Perspecitive on Intersections of Race, Ethnicity, Gender and Other Grounds: Latinas at the Margins
By Faith Edem
This Article proposes an alternative approach to discrimination claims.
She uses the ‘intersectional approach‘ as a vehicle and focus on the lived realities of racially or
ethnically defined women—specifically Latinas.
An intersectional approach recognizes the unique experience of the individual based on the
intersection of all relevant grounds—gender, color, ethnicity class, immigrant status & disability.
Traditional top-down rigid legal prescriptions are insufficient to solve these complex matters of
The idea is to create judicial standards that require more proactive anti-discrimination programs
I argue that Latinas have unique vulnerabilities and are more likely to experience multiple forms
of discrimination because they have multiple identities.
This article presents a narrative of the Latina experience within the intersectional framework.
I. An Introduction to the Intersectional Approach
The concept of intersectionality have been defined as the oppression that arises out of the
combination of various forms of discrimination.
It is assumed that racially or ethnically defined women experience discrimination in a
completely different way. An intersectional approach recognizes this concept.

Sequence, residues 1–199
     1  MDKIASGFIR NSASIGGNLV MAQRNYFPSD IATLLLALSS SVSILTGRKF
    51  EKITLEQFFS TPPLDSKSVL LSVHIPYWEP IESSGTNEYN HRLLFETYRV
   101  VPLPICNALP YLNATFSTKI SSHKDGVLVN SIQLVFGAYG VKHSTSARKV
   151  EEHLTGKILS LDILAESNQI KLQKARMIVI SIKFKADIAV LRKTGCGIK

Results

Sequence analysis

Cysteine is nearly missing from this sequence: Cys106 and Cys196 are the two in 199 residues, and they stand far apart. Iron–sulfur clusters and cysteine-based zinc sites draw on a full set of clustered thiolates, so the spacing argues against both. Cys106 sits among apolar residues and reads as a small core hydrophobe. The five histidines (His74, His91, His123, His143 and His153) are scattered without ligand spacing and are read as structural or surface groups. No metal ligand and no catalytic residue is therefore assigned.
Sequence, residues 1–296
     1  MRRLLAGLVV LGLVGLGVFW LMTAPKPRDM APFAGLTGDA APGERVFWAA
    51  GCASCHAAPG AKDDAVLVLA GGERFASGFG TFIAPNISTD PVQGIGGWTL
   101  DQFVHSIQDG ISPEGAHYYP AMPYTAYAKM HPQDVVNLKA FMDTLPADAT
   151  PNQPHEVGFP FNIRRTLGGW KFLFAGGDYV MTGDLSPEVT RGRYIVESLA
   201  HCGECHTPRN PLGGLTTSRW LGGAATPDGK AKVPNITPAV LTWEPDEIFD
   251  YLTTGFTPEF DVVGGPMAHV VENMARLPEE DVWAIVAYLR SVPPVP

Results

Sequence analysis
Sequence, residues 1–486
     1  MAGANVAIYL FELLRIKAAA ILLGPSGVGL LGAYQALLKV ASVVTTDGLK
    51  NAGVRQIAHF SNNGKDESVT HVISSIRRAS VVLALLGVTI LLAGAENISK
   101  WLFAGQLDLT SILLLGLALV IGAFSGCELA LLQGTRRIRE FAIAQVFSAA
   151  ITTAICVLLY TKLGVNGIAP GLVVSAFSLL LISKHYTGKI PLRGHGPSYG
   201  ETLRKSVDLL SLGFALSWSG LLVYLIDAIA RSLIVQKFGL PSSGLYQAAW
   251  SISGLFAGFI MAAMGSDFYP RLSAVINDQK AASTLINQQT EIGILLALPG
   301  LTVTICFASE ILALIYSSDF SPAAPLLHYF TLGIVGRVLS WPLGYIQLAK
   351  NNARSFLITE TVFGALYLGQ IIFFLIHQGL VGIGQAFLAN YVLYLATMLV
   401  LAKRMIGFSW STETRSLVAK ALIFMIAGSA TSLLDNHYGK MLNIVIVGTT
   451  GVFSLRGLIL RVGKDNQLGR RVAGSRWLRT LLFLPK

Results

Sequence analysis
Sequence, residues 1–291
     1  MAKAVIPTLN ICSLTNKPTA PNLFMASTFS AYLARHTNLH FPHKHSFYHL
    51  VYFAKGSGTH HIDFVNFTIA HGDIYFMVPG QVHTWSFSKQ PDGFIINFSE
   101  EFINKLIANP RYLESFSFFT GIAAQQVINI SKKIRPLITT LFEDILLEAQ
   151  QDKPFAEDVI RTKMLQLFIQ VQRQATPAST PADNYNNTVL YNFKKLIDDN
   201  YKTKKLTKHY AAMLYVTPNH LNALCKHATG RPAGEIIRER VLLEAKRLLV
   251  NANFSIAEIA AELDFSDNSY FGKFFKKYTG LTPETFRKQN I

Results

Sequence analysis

Most importantly, it focuses on society‘s response to the individual as a result of the confluence
of grounds for discrimination, and does not require the person to slot herself into rigid
compartments or categories.
Women of color in particular are often the subject of both racism and sexism. In the United
States, black women and Latinas are the least likely to have men prosecuted and incarcerated.
Jurors may be influenced by sexualized propaganda into believing that racialized women are
likely to consent to sex.
More over racially or ethnically defined women may be disproportionately affected by the
experience of racism when, due to labor market segregation. Women faced with multiple forms
of discrimination are often left with remedies that do not fully take into account the injury.
II. Comparative and International Approach
Several international human rights organizations and mechanisms have acknowledged , either
explicit or by reference, the race and gender frequently interrelated (The World Conference on
Women, Social and Cultural Rights, etc)
o B. Supreme Court of Canada
The Supreme Court of Canada has recently included comments on multiple and
intersecting grounds of discrimination.
However though multiple levels of discrimination may exists, multiple levels of
protection may not. Canadian courts are thus evolving from addressing intersectionality within a
limited context to fostering a broad understanding of the concept and using it to
remedy problems of intolerance.
o C. United States
Title VII of the Civil Rights Act of 1964 prohibits discrimination on the basis of
carious factors, including sex, race, and national origin.
U.S. courts have slowly accepted the notion that discrimination may be based
on multiple factors, but many continue to have difficulty conceptualizing
Discussions regarding intersectional theory first took place in the context of
black women‘s experience.
Because Title VII doe